The supreme irony of such high APD charges is that those funds are then used to support investment in other forms of transport. Recent upgrades to the West Coast rail network cost in excess of £9 billion, and while Flybe only provided a small part of APD funds (and indirectly that rail network investment), the subsequent damage to its services from Exeter and Bristol is only now beginning to be felt. While an improved transport infrastructure is much-needed in the UK in the short-term, the loss of regional services will not be recovered by those improvements.

Challenges with the dollar

Aviation is a global business but has some strange structures. For many airlines, the majority of their cost are based in US Dollars; aircraft lease cost and lease costs are the two largest cost items for many.


For Flybe, less than one-tenth of 1% of all their bookings in the past year were made in the US; some 90% were quite naturally made in the UK and, given the weakness of sterling to the US dollar, that has been a huge drain on the airlines reserves.

The right model

The right model

Ultimately, if Flybe does not survive then perhaps the biggest question should be around the model of regional flying. For most regional airlines in Europe, the commercial risk is all with the regional airline, especially those feeding long-haul network carriers with profitable networks. It seems harsh that the regional carrier takes all the risk, seeing little if any reward in a revenue and commercial model that supports the long-haul network.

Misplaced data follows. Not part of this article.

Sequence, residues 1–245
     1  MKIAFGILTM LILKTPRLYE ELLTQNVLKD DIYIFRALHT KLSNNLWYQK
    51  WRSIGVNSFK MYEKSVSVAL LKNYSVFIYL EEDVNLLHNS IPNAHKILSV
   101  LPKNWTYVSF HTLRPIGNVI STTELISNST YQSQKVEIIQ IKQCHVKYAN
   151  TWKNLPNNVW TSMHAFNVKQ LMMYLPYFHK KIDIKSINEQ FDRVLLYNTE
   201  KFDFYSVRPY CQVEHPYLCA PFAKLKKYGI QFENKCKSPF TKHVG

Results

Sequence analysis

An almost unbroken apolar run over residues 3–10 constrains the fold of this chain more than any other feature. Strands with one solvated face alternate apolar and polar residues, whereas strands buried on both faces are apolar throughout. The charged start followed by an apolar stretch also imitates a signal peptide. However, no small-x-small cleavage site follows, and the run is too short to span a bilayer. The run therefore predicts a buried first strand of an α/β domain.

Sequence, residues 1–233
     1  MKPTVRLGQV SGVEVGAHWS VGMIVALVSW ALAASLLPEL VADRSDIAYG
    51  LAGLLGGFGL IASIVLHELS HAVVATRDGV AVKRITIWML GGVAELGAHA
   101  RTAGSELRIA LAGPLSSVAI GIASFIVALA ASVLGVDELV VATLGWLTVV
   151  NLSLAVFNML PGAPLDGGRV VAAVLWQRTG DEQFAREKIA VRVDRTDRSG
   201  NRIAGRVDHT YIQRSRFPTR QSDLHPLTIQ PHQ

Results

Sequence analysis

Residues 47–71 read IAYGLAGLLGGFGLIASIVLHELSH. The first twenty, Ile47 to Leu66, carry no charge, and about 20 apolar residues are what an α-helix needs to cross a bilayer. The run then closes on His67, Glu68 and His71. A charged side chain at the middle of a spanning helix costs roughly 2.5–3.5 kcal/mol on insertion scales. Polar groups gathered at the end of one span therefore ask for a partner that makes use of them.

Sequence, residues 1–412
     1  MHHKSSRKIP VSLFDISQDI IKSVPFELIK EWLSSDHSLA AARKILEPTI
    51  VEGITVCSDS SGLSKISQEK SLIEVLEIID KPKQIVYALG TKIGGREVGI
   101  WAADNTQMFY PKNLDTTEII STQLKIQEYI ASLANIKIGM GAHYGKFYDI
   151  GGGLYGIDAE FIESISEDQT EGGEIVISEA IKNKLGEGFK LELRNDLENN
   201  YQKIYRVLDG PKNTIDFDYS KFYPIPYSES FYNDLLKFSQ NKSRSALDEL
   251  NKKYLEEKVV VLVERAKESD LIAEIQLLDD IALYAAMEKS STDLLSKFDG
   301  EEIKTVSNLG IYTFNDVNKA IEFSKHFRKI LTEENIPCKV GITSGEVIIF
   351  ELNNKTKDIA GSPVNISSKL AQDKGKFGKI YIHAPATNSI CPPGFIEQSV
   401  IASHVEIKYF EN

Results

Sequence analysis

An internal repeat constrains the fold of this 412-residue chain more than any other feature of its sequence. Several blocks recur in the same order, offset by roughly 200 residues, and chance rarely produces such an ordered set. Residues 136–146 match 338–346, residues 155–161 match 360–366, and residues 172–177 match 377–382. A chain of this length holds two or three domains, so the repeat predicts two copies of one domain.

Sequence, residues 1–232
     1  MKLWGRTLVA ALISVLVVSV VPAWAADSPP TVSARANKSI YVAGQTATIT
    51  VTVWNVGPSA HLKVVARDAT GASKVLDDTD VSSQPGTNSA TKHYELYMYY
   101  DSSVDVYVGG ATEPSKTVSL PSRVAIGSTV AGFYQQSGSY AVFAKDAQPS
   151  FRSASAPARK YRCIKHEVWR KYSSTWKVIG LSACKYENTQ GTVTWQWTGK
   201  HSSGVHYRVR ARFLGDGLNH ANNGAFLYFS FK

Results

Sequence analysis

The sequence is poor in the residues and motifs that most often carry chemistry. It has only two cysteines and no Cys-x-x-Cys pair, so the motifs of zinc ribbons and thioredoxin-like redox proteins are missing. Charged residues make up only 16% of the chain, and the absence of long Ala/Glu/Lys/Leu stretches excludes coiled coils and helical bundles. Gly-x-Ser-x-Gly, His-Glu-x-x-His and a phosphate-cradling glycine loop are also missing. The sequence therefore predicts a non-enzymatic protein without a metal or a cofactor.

In the US, regional air services continue to grow, admittedly with less direct alternate competitive threat. However, the operating model is very different with Capacity Provider Agreements (CPAs) frequently in place whereby the regional airline works under a contractual arrangement where revenues and costs are tightly controlled.


Such agreements provide a “protective blanket” for the regional airline while the network carrier gets valuable feeder traffic. Such an agreement for an airline such as Flybe would be extremely valuable at least for their services to a major hub such as Heathrow; but perhaps ultimately Heathrow is at the very heart of the Flybe challenge or problem.


Sold to Connect Airways in 2019 for £2.2 million, Flybe operates some 13 daily services at the airport with arrival slots throughout the day, some of which are in very attractive arrival hours for long-haul services.


Acquiring such a slot portfolio for such a discounted price may make for some interesting discussions around their current and future value if swapped out for other more lucrative long-haul services. Indeed, for the owners, the potential return from holding those slots for such a short period would represent a very shrewd investment; much better than from any airline operation.

So what happens now?

Hopefully Flybe will pull through this time. But what about next time? The underlying market drivers are not encouraging in the long-term and perhaps the writing is finally on the wall for UK regional air services, at least as we traditionally know them. Low-cost airlines operating even lower frequency services are a potential way forward given their ability to stimulate markets and cost bases; some UK airports are already seeing such development.


Only time will tell.


John Grant is a senior analyst at OAG